Early identification improves health and lives of older persons
A programme which improves the lives of older persons through better assessment and response to their health and care needs now includes an international network of more than 30 countries. The EASY-Care Programme, based upon a set of assessment instruments, identifies unmet health and care needs, supports a personalised response and promotes efficient allocation of resources.
‘ICN fully supports the EASY-care mission to create a new world for older persons, a world free of unmet need’, stated Elizabeth Adams, a Consultant for Nursing and Health Policy with the International Council of Nurses (ICN). She represents ICN on the EASY-Care International Advisory Board which co-ordinates research and use of the EASY-Care instruments worldwide. ‘EASY-Care is a self or assisted assessment and aims to identify unmet health and care needs of older persons, who are not yet frail or accessing long-term care, but are managing at home with some underlying health and care concerns’.
Community nursing staffs have incorporated EASY-Care assessments into their working practice to support a holistic approach to the care of older persons. Use of EASY-Care by nurses can support collaboration with general practitioners, improve competencies of primary care nurses, and help as a diagnostic tool to identify persons with frailty and with cognitive impairment for onward referral.
‘Researchers around the world have evaluated and improved the EASY-Care assessment instruments for more than 20 years’, said Professor Ian Philp, University of Warwick, who developed EASY-Care in 1989 and chairs the international effort. ‘One large randomised controlled trial conducted in the Netherlands showed reduced hospital admissions and demonstrated that an EASY-Care assessment was a cost effective intervention’.
The latest international findings about the impact of the programme on nursing practice will be presented at the 25th ICN Quadrennial Congress to be held in Melbourne, Australia from 18–23 May 2013.
EASY-Care is available in both paper and electronic format. Further information about the EASY-Care programme and key references are available: http://www.easycare.org.uk.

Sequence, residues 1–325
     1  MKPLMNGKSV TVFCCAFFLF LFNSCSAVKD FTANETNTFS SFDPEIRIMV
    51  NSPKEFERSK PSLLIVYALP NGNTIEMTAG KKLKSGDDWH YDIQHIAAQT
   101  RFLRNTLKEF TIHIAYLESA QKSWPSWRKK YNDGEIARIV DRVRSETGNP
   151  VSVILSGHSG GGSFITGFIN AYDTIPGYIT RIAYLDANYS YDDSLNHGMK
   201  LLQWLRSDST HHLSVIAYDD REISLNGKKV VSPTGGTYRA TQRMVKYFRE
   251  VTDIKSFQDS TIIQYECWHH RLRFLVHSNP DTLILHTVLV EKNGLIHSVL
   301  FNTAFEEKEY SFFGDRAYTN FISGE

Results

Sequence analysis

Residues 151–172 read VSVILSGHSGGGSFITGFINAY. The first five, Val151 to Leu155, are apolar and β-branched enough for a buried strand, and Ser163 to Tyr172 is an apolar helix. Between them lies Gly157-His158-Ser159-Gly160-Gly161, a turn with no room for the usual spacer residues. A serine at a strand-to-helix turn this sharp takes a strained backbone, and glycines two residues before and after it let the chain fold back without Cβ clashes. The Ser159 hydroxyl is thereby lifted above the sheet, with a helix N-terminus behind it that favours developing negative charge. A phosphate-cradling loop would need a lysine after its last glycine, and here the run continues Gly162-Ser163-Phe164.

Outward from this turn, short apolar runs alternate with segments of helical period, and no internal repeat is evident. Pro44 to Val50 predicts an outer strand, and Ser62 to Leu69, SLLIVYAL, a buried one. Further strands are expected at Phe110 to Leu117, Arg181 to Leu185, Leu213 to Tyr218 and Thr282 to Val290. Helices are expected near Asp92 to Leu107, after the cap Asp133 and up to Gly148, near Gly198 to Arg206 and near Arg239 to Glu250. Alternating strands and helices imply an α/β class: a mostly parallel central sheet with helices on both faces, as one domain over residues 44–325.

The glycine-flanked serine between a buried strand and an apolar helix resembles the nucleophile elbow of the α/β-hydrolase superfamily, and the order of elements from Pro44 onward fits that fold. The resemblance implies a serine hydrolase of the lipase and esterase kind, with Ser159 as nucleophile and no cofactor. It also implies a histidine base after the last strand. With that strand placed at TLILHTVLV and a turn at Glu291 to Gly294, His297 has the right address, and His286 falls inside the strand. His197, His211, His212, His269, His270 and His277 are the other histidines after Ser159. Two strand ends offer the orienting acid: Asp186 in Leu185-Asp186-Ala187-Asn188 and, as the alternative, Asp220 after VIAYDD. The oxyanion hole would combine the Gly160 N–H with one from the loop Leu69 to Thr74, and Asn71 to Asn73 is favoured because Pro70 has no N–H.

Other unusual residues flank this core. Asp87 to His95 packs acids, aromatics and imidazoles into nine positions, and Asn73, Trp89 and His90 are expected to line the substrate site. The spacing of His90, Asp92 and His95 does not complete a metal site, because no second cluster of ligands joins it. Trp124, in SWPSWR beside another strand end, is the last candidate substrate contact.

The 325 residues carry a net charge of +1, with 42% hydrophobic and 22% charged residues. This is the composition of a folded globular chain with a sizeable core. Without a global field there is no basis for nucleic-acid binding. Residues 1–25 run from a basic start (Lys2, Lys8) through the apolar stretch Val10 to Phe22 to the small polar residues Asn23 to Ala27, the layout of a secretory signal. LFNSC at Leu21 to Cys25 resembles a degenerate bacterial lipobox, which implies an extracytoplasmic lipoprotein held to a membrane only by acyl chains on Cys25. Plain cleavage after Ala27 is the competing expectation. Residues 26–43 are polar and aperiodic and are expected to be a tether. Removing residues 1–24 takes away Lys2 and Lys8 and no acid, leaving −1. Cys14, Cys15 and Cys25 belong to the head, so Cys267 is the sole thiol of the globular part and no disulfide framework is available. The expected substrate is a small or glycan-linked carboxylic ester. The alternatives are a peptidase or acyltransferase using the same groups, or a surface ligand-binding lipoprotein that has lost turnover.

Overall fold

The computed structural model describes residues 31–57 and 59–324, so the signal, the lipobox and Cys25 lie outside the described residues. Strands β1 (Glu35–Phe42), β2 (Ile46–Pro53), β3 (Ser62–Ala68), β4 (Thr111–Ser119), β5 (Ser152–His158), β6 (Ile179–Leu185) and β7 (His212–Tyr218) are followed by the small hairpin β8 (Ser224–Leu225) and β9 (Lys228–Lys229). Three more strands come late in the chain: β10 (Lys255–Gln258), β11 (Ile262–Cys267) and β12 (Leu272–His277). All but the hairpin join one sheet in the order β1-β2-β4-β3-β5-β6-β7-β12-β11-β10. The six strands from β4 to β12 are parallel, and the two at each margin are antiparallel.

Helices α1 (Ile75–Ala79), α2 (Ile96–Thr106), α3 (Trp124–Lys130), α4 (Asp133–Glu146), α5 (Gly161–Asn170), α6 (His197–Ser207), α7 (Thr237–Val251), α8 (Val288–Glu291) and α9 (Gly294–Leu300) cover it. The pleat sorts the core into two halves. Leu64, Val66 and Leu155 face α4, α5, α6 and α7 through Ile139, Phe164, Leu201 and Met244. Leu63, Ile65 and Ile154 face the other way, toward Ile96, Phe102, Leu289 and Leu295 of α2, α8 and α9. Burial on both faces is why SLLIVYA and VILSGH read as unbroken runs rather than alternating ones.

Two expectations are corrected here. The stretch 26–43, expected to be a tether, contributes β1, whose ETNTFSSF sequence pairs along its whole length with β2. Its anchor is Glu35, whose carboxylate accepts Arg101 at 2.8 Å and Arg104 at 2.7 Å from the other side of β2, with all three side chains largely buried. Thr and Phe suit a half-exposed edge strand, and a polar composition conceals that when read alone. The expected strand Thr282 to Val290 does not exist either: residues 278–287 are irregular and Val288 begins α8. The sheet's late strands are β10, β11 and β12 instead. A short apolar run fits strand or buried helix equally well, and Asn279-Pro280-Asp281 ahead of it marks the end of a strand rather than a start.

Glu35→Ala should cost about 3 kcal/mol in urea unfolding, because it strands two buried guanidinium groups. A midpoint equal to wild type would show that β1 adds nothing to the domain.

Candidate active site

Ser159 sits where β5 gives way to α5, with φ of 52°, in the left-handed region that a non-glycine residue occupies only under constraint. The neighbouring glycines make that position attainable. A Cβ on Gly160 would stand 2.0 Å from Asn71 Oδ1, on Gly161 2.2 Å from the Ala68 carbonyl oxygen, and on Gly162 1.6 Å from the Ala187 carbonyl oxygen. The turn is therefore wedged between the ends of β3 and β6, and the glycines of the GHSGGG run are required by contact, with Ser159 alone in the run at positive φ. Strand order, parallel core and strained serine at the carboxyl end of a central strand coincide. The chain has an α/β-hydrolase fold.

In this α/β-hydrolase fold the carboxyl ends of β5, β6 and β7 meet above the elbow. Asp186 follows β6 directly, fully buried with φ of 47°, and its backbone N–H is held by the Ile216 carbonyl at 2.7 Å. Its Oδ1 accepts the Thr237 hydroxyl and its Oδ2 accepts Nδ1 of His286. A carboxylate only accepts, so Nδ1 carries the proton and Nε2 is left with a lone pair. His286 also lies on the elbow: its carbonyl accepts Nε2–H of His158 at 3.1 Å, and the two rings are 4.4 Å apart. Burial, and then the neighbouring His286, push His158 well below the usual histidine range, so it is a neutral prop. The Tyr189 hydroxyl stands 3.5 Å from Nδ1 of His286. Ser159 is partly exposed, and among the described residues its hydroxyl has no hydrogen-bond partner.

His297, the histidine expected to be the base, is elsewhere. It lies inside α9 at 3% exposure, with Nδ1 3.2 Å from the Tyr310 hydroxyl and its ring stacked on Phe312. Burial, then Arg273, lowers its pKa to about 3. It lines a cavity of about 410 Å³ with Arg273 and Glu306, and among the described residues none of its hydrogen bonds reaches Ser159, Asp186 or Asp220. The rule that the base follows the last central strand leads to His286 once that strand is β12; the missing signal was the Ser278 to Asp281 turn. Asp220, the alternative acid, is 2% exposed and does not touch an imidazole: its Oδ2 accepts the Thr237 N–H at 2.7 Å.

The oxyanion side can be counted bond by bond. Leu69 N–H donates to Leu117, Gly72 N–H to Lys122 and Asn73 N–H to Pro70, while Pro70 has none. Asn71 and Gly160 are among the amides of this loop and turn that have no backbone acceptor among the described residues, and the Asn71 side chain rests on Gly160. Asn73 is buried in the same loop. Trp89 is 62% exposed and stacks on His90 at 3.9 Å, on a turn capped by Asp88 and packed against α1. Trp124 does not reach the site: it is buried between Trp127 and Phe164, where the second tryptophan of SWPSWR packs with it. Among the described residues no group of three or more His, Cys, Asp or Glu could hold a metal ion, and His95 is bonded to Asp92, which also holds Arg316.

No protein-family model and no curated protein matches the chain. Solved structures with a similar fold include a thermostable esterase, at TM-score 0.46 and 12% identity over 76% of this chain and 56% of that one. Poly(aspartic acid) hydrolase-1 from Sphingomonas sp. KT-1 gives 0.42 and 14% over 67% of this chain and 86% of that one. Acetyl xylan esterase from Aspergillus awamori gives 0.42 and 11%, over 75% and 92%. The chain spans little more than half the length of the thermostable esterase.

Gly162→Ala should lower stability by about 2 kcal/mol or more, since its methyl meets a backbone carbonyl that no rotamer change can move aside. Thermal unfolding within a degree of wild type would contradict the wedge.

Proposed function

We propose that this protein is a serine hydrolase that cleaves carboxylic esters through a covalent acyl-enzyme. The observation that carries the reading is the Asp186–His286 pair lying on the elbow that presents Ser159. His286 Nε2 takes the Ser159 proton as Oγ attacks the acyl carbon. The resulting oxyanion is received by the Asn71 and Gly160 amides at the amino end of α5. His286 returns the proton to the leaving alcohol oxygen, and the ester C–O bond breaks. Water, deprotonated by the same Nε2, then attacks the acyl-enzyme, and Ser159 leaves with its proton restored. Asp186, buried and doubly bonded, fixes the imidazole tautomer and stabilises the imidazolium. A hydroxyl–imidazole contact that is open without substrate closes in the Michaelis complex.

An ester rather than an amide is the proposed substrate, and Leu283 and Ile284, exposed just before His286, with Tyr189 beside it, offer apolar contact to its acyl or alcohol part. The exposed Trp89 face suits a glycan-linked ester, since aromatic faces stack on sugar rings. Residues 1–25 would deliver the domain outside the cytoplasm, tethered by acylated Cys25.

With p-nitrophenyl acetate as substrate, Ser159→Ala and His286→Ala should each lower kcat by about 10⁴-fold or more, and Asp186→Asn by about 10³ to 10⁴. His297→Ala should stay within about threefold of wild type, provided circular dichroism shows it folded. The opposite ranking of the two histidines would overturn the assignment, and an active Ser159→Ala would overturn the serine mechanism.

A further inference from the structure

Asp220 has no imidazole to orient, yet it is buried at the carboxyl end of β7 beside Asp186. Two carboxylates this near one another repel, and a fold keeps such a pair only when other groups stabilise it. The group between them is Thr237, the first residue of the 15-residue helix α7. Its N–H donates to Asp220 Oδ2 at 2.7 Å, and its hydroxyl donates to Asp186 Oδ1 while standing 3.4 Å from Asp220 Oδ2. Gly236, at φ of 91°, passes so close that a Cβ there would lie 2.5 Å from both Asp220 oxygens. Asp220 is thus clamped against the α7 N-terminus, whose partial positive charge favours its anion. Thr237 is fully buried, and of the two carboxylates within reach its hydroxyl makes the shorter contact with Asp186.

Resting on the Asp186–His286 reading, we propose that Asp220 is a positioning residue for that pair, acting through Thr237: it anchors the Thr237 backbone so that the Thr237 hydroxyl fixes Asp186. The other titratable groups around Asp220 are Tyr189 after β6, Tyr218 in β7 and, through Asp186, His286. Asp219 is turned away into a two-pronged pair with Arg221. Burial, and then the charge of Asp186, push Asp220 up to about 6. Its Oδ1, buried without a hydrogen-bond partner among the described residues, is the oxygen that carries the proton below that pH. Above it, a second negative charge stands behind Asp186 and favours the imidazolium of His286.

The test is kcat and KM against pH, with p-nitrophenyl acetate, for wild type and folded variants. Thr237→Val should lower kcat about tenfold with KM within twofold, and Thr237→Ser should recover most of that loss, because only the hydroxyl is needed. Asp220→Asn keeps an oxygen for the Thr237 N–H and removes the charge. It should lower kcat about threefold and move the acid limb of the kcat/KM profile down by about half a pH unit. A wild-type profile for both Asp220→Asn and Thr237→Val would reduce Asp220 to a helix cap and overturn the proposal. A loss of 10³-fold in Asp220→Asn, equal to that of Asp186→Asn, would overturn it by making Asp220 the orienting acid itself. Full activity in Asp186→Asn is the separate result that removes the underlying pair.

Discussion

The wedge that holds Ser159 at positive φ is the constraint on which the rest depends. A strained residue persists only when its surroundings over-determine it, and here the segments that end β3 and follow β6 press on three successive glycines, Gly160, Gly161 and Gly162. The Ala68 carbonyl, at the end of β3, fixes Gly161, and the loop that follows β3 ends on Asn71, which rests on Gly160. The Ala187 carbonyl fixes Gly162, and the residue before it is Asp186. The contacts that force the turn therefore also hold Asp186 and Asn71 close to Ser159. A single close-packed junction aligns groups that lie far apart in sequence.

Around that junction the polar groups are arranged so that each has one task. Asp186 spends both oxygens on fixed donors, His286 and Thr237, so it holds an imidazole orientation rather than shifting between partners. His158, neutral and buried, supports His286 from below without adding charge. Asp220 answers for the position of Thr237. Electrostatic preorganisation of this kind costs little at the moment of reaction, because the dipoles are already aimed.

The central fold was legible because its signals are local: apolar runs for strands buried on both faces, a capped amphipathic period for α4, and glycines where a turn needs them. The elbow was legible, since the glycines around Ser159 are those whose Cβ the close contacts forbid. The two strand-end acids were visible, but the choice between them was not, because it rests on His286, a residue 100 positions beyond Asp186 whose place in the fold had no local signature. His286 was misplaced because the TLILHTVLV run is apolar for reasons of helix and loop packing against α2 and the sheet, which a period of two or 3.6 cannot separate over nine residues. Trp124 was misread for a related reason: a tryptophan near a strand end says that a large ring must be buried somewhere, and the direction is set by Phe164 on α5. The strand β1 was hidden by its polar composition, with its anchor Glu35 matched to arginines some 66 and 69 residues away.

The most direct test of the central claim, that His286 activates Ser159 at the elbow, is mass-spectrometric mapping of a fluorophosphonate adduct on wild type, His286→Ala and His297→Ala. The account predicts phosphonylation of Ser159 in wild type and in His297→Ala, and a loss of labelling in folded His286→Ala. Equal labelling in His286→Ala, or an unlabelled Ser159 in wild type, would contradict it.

Call for abstracts released for 2013 ICN Congress in Melbourne, Australia
The International Council of Nurses (ICN) invites nurses and others to share their ideas, research and expertise by submitting abstracts for the scientific programme at its 25th ICN Quadrennial Congress.
Focused on the theme of Equity and Access to Health Care, the Congress will take place in Melbourne, Australia from 18–23 May 2013. Nurses from around the world will gather to explore and highlight the critical role nursing plays in leading the way to healthier nations. ICN is organizing the Congress with the support of its member association, the Royal College of Nursing, Australia.
ICN also launched a Congress website (htpp://www.icn2013.ch) which will be regularly updated with the latest information about the programme and related events and activities.
The Congress will provide a global platform for the dissemination of nursing knowledge and leadership across specialities, cultures and countries. Plenary sessions will explore the Congress theme, with particular focus on gender equity, the global epidemic of non-communicable diseases and the tension between personal and societal responsibility for health. Featured main sessions will offer the most recent information on wellness and prevention, the nursing workforce, ethics/human rights, clinical care and patient safety. Themes for abstract submissions will address these issues and others including:
- • developments in nursing education,
- • disasters and conflict,
- • care systems and access,
- • eHealth,
- • regulation
- • the history of nursing.
Abstracts may be submitted for a concurrent session, a symposium or a poster. Instructions for submitting abstracts for the scientific programme and details on the themes to be addressed can be accessed at http://www.icn2013.ch. The online abstract submission system will be operative as of 16 April 2012. The deadline for abstract submission is 14 September 2012.
The Congress will also be the venue for ICN Network meetings.
Prior to the Congress, the Council of National Representatives, ICN's global governing body, will convene in Melbourne from 16–19 May 2013. Congress participants who are members of ICN member associations will be able to observe global nursing leaders identify the profession's priorities and future directions.
Senior nurse leaders invited to apply for leadership institute
Nurses in senior or executive level positions from all countries are invited to submit an application for the ICN-Burdett Global Nursing Leadership Institute (GNLI). The next annual GNLI will take place from 8–14 September 2012 in Geneva, Switzerland. Full bursaries are available for 10 participants.
'This is an exciting opportunity that not only exposes participants to expert faculty but creates, through an action learning approach, a dynamic learning environment where lessons from multiple cultural, health, education and social systems are shared, explored and synthesised’, stated David Benton, ICN Chief Executive Officer.